Cornell University changed the description for a racially-segregated rock climbing course after a student journalist confronted the university.
According to a website archive, Cornell offered a course to students for the spring 2021 semester titled “BIPOC Rock Climbing.” The class was restricted to “people who identify as Black, Indigenous, Latinx, Asian, or other people of color.” After a contributor for Campus Reform brought the course to the university’s attention, the school changed the course description.
The new description claims that the course was “designed to enable Black, Indigenous, Latinx, Asian, or other people of color underrepresented in the sport of rock climbing to learn the sport and to feel included and supported.”
Cornell spokesman John Carberry told Campus Reform the “BIPOC Rock Climbing” course is available to every racial group.
“All Cornell students are welcome to enroll in this course,” Carberry said. “While the original description of the course represented an intentional focus on outreach and inclusion, there was never any intent to exclude non-minority students. The description of the course has been adjusted accordingly.”
The course costs $1,890 per person. A regular one-credit course at the university costs $1,575 in addition to a mandatory $315 “course fee” for equipment.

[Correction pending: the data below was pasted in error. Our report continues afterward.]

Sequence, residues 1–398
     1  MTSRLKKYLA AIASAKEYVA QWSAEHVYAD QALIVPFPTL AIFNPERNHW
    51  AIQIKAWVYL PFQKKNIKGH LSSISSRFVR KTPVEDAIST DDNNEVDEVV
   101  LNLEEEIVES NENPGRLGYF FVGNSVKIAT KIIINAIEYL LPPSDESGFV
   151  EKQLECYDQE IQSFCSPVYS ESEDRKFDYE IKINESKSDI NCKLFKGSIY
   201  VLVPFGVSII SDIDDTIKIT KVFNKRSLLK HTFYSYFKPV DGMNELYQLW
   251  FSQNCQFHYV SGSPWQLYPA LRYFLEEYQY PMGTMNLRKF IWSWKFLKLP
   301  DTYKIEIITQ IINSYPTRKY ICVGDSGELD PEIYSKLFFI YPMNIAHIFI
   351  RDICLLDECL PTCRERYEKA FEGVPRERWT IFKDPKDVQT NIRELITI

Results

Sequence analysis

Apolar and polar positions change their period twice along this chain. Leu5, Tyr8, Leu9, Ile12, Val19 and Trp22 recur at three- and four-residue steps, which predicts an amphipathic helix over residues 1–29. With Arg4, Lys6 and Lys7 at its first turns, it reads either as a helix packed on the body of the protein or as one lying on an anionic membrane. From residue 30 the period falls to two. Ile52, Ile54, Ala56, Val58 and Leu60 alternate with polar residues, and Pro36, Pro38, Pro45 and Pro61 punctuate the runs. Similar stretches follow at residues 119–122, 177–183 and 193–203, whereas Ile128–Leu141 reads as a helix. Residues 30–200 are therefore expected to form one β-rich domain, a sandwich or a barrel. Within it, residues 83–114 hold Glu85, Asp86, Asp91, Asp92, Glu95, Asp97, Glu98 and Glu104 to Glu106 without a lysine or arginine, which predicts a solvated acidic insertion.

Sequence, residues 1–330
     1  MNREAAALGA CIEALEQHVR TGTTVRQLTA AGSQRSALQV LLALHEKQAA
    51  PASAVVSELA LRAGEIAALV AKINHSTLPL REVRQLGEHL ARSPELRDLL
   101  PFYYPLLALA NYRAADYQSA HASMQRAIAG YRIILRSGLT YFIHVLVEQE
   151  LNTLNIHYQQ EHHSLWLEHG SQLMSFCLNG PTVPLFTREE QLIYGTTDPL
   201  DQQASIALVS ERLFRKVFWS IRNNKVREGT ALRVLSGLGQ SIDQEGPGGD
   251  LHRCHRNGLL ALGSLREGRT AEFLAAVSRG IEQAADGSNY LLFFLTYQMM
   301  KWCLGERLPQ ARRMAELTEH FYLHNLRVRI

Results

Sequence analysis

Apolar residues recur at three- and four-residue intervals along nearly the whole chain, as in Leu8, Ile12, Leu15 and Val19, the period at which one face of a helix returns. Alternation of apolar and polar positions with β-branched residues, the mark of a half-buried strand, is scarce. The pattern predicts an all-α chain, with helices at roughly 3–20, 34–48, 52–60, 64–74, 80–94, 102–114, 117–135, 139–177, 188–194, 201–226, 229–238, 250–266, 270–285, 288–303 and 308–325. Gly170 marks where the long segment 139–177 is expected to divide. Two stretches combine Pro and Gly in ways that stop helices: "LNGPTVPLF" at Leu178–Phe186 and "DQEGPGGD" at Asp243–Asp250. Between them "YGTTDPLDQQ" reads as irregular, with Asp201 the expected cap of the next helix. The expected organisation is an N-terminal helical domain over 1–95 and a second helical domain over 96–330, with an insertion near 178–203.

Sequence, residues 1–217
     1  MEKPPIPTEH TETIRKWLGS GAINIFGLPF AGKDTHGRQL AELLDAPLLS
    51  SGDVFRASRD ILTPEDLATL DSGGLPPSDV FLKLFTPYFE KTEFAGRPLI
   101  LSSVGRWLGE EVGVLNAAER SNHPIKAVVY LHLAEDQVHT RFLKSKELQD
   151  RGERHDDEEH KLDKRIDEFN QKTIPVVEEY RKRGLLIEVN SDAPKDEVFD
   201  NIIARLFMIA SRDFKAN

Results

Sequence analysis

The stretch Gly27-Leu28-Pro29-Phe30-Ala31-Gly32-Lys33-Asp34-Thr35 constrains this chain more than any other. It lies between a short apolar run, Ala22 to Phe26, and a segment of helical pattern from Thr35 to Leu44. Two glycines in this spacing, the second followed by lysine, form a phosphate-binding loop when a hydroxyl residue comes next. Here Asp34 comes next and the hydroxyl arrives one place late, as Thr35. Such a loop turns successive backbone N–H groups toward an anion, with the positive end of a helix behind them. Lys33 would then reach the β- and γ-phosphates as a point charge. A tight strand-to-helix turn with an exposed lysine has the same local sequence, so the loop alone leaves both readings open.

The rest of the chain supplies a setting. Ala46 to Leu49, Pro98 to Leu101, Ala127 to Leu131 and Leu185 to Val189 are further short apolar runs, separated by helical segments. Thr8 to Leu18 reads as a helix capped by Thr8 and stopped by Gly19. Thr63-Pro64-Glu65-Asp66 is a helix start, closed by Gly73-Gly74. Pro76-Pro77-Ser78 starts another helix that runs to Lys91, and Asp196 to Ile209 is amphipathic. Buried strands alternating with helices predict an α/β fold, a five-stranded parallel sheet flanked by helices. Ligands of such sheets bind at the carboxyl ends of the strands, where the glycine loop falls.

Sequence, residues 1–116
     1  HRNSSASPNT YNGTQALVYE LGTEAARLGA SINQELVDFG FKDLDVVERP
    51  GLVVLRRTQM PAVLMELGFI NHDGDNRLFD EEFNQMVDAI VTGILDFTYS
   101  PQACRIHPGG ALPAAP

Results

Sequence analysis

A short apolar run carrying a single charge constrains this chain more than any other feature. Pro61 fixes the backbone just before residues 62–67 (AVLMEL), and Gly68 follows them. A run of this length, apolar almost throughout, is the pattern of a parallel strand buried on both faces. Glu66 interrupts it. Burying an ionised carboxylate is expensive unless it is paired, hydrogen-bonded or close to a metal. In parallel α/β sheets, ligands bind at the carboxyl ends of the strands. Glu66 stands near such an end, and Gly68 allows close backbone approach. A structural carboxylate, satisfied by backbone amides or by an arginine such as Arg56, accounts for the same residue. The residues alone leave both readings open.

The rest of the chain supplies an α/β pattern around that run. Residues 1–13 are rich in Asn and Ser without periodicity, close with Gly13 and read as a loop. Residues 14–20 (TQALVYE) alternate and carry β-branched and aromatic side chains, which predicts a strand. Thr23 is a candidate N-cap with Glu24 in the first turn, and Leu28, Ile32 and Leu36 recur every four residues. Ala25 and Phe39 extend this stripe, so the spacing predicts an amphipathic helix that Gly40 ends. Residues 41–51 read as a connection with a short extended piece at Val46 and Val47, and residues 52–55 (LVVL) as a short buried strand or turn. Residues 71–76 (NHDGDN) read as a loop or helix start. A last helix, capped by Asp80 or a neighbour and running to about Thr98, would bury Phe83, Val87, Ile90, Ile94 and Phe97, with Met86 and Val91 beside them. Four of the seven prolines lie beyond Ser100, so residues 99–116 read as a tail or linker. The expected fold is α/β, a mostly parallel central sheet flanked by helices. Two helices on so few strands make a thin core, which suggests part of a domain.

Following the resurgence of the Black Lives Matter movement, racially segregated events on college campuses have increased exponentially. Many of the events claim to be “space spaces” for people of color to avoid hearing white voices that may offend them.
A 2019 report from the National Association of Scholars uncovered a slew of cases where universities segregated residence halls, commencement ceremonies, cultural centers, alumni groups, and classes based on race.
At Elon University, students were asked to join a “white caucus” meeting for white students to “unpack race and systemic oppression.” At the University of Florida, Ph.D. students in the anthropology department hosted a segregated virtual town hall that barred white people from attending. The University of Kentucky segregated its resident assistants into training groups based on race as well.
Opponents of segregation believe that schools that host racially segregated events may be violating Title VI of the Civil Rights Act, which prohibits racial discrimination at taxpayer-funded institutions.
“No person in the United States shall, on the ground of race, color, or national origin, be excluded from participation in, be denied the benefits of, or be subjected to discrimination under any program or activity receiving Federal financial assistance,” Title VI of the Civil Rights Act reads.
Sen. Tom Cotton (R-AR) and former Sen. Kelly Loeffler (R-GA) penned a letter to the Department of Justice calling for an investigation into racially segregated events taking place on college campuses.
The Biden Department of Justice has opted to scrap investigations into racial segregation on college campuses. Earlier this month, the Biden Justice Department announced it was scrapping an investigation into Yale University for alleged racial discrimination.
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